Sound libraries in MNSI take the form of a struct asset. Pictured bellow.
A blank sound library can be found in Located in MNSI-MainPlugin/MNSI_BasicSoundSet called MyCustomSoundSet, it is advised to copy this struct, rename the copy and work off of that.
What are they
They are essentially, a structure composed out of String->SoundBaseActor dictionaries. Strings act as a sort of key in of them selves. A key composed of two physical material names.
In essence, MNSI iterates over all sound libraries loaded and looks for a string key that matches either the collision event between the prop's own physical material, and the physical material of the surface being hit, Or if it fails to find one, to find the default sound set for the prop's own physical material.
The Structure part of the sound library struct should not be edited. It even says so in the Tooltip. The only area a user cares about is the Default Values below.
To add custom set, simply create a new blank value and write the name of the two physical materials to define a sound for the impact of.
Let's say Default_Stone and Default_Wood are two physical materials.
To define the sound that MNSI will play when A prop with the physical material Default_Stone will play when it collides with a surface using Default_Wood, simple add a new key for each of the 4 default values, and name it;
Then load a sound cue for each.
To create a fallback sound set for Default_Stone for MNSI to use when a Default_Stone prop collides with a physical material that is not defined, name it;
It is possible to define most of the physical materials as just DEFINTs and maybe add one or two specific keys for really noticeable differences.
For example cardboard sounds almost the same when it collides with wood or stone or metal, but when it collides with a grassy surface, the sound is perceptually different.
In this example the sound library might look like this;
Since a MNSI component can have several sound library structs, there are two ways they can be thought of.
A struct containing all the sounds needed in your project, Or. A struct per physical material. For example, all sounds related to wood physical materials can be held in a Wooden sound library and loaded alongside others.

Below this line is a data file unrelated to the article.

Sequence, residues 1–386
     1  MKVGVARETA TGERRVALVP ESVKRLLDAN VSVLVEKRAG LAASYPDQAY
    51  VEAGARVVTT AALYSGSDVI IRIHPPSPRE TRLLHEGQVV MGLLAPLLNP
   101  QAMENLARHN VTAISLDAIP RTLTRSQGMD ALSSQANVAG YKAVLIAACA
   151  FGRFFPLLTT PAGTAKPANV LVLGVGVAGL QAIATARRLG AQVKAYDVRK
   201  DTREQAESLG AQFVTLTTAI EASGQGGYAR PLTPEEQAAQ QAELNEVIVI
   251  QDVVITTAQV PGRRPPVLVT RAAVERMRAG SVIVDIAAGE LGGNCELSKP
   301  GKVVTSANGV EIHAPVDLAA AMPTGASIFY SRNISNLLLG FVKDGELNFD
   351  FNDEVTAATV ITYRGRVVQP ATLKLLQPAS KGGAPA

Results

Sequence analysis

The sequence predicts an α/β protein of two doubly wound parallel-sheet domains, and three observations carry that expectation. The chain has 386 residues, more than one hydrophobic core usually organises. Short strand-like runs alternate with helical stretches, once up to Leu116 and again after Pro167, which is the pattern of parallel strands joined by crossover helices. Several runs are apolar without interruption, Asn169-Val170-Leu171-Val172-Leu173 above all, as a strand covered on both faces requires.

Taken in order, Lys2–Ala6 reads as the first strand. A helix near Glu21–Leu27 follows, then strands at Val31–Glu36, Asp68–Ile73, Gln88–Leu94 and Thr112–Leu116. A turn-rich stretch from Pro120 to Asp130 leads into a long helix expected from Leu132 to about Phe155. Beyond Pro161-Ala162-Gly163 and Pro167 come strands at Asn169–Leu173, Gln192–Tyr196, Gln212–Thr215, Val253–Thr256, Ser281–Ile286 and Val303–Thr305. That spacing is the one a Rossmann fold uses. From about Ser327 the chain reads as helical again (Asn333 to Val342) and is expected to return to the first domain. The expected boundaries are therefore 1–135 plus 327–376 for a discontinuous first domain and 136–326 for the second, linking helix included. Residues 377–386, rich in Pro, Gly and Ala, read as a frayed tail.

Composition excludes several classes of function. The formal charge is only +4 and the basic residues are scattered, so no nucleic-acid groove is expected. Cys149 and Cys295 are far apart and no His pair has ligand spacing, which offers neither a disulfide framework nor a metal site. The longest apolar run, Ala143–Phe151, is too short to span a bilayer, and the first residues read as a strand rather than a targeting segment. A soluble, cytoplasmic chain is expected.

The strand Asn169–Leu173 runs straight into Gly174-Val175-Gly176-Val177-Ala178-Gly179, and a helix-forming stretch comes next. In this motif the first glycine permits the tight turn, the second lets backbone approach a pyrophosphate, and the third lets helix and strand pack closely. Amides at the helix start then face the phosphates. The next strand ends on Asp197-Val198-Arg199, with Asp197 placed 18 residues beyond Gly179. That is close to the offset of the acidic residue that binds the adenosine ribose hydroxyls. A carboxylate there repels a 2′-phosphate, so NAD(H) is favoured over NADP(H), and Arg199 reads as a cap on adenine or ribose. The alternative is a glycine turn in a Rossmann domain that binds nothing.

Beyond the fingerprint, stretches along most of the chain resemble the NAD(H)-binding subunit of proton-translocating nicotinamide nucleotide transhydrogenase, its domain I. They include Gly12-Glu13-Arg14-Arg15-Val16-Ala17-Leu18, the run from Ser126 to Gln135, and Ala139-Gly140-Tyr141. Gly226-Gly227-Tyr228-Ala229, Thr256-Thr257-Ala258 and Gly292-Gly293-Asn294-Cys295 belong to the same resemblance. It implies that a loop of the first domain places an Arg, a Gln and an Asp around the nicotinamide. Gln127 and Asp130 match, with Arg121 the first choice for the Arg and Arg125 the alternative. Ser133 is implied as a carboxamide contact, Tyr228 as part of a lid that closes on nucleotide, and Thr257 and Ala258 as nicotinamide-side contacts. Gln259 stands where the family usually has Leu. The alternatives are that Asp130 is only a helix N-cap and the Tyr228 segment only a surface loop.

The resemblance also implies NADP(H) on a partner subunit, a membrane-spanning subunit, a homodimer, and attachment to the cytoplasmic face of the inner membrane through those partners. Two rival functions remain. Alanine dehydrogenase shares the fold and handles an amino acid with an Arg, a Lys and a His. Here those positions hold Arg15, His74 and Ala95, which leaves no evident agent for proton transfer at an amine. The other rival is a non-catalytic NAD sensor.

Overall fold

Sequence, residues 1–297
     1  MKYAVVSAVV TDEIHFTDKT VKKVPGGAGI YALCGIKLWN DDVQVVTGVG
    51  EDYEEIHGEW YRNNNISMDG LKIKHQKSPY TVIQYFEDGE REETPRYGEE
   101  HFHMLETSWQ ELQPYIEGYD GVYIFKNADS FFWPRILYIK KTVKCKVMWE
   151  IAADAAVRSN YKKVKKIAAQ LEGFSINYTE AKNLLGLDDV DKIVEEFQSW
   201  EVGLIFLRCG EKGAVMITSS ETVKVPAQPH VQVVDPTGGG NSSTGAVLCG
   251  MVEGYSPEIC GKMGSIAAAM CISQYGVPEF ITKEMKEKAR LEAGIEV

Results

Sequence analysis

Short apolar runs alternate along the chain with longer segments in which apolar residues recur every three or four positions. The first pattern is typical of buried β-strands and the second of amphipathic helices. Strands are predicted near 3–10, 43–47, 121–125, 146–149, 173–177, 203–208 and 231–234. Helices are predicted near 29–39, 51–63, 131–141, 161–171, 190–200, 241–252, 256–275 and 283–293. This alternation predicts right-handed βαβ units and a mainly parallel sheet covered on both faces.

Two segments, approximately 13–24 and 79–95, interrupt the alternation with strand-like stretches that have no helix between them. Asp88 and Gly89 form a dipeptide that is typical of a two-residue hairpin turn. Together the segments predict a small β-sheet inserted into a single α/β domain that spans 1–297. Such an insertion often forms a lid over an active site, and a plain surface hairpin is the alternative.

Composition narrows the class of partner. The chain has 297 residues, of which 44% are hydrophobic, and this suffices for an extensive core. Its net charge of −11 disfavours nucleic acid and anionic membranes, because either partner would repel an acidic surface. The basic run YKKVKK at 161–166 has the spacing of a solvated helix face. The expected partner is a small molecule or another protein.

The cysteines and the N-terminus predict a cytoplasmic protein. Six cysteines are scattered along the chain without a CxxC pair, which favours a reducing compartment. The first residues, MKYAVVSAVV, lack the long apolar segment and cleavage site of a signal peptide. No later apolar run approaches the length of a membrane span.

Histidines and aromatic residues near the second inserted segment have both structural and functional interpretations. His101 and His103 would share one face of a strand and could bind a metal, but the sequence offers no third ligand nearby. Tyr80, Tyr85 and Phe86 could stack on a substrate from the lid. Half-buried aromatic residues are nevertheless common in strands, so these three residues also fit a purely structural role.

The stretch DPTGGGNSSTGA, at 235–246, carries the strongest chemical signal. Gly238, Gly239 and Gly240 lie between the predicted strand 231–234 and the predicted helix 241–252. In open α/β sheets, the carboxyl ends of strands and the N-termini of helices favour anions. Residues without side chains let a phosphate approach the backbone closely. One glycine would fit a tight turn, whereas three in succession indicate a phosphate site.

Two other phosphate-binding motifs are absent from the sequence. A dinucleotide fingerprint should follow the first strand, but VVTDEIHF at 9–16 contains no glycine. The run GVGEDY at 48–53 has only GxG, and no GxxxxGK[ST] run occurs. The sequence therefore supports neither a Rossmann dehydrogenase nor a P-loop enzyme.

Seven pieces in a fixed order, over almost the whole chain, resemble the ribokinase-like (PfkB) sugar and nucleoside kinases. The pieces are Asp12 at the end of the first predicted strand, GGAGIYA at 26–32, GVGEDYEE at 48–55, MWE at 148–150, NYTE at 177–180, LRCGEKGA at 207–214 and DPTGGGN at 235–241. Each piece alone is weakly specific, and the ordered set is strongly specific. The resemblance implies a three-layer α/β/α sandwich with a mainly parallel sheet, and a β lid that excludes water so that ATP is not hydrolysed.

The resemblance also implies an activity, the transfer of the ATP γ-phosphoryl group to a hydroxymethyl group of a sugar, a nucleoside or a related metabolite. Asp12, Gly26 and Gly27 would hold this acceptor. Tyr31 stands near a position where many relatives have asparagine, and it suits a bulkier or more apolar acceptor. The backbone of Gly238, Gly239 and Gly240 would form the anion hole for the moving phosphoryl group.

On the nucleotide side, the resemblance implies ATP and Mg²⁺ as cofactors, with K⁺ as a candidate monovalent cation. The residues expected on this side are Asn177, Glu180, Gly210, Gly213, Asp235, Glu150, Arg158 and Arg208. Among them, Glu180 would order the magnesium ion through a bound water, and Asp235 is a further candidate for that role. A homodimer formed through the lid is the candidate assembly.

Currently, it is advised to use as few sound libraries as possible, but for organizational purposes, several structs can end up being more practical to manage.
Loading sound libraries in MNSI
There is a pseudo-node like way to load sound libraries. It is an easy way to manage which libraries are loaded. Here is an example from the train demo on the main page. There is the default sound library loaded alongside the Train Set and MyCustomSoundLibrary.
How to load a library
- Open the MNSI component blueprint used in your project, located in MNSI-MainPlugin. It is called MNSI-PhysicsSounds. ((Or MNSI-PhysicsSounds_SkeletalMesh if adding libraries or skeletal meshes.)) Then navigate to the SoundLibraryHolder function, located under the Functions tab on the left. By default it looks like this.
- Sound libraries are loaded by adding a new struct variable. First click the plus to add a new variable, and give it any name needed.
- Change the variable type to be of the type of the new sound library needed. Sound Library Structs become their own types. So a sound library named "WoodCollection" will need a variable type of "WoodCollection.". Simply start typing the name of the sound library and it will get displayed automatically. Once that's done, Compile the blueprint.
- Once that's done drag it to the graph, and add a new Break node. Easiest way to do that is to drag out a connection from the pin of the struct, and type Break.
- Drag out the Concat function. It is what combines sound libraries together.
- Connect the outputs of the previous concat function to the new one. Make sure to link the pins properly. Concat pins go to the top, and bottom ones are for the new sound library. Make sure to connect the Type as well.
- That's all.